Victor provided an example where a condo had a specific requirement in a service animal policy. The CAT stated that since it was a policy it wasn’t technically enforceable and in that specific scenario, it was a human rights code issue. When a corporation is presented with a human rights accommodation, corporations can still place restrictions on what is called a “reasonable accommodation”. If a board wants to actually enforce a policy, the board needs to create a rule. A policy may be changed in a board meeting without an obligation to inform the ownership; however, if changing a rule, the board must disclose the proposed rules to the ownership and provide 30 days notice during which the owners may choose to challenge the proposed rule before it is adopted. This also ensures that owners and residents have the same understanding of the ethics and rules to be followed. If there aren't any requisitions with this rule, then it becomes part of the governing documents of the corporation. Of course, there are certain situations where it is better to have a rule than a policy.
A policy sets a list of procedures that ensures everyone is treated equally, and should be tailored to the community as each building is different. Victor provided an example where a unit owner was emailing management every day, non-stop. In this specific scenario it was advised to consult with legal counsel so they may draft a communication policy tailored to the situation. Another example is that if a board member is unethical, this person may be removed subject to a code of ethics included in the bylaws (and if the investigation demonstrates a breach in the code of ethics). In such and similar scenarios, it is good to have a policy in place to follow for political processes.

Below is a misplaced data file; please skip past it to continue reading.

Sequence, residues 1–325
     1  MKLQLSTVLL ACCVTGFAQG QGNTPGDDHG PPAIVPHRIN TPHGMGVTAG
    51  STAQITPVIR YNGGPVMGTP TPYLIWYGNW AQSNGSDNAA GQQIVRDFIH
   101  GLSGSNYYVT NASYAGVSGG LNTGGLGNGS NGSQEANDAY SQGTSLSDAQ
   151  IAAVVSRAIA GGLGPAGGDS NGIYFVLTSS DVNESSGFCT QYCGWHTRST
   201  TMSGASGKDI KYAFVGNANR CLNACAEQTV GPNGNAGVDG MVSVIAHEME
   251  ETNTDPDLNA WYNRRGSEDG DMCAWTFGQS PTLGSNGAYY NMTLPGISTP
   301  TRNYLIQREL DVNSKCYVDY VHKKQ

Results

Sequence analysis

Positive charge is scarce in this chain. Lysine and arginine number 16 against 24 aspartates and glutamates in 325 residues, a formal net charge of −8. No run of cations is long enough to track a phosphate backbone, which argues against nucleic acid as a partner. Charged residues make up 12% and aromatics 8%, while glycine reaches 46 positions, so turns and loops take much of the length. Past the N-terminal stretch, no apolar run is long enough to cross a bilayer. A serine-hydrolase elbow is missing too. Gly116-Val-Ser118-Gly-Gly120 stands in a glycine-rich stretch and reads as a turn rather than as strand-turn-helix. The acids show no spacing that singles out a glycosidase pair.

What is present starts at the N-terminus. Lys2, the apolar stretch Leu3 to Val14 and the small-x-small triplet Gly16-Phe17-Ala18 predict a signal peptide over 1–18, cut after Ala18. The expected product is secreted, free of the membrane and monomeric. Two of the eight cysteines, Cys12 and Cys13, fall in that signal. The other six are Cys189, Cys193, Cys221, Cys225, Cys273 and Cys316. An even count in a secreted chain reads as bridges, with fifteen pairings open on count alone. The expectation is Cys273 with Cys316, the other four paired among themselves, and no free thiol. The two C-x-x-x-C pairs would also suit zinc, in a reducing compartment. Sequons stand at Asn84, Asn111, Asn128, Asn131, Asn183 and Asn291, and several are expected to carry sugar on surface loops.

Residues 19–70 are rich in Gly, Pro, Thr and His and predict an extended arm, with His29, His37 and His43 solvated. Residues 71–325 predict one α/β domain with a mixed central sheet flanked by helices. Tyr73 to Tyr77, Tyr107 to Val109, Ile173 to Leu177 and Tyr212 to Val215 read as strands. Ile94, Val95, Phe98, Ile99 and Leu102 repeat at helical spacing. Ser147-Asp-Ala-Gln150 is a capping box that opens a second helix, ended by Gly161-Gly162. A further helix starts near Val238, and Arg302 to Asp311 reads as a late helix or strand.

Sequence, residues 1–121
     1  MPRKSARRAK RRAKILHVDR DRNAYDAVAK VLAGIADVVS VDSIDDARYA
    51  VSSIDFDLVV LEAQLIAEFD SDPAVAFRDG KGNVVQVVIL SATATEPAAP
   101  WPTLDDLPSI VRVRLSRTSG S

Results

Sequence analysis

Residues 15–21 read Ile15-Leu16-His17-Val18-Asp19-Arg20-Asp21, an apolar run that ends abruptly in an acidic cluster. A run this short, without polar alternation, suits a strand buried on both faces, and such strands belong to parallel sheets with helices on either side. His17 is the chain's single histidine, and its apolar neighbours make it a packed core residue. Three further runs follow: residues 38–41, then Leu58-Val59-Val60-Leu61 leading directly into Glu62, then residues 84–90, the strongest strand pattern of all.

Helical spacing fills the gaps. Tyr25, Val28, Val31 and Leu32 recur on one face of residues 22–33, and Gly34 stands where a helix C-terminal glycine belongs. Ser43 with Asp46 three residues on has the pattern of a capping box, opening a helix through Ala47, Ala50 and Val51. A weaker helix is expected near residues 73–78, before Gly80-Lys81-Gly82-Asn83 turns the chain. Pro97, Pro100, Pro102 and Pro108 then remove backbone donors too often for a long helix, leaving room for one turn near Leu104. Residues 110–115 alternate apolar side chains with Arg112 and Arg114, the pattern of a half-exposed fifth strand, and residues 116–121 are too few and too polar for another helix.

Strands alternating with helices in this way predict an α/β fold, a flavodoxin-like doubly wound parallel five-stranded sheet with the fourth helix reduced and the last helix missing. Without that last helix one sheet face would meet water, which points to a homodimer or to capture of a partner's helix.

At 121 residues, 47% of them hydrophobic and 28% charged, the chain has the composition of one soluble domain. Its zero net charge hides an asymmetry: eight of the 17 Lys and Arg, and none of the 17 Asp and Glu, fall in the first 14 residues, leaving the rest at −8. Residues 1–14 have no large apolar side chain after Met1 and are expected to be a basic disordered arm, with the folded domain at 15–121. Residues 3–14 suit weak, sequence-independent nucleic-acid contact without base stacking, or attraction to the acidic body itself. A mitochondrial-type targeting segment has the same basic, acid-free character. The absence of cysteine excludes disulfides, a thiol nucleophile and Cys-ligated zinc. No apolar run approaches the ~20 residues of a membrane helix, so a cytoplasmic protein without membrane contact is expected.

“If you have a human rights policy or workplace violence and harassment policy, you are using a tool for the corporation's benefit to manage the corporation's risk.” Victor commented. Since a corporation employs different trades serving the corporation, a workplace violence and harassment policy needs to formulate a plan and a process to implement in case of harassment (i.e.: Cleaning staff being harassed by the security guard). Such a policy and process is also important because it protects property management and helps the corporation retain its management staff.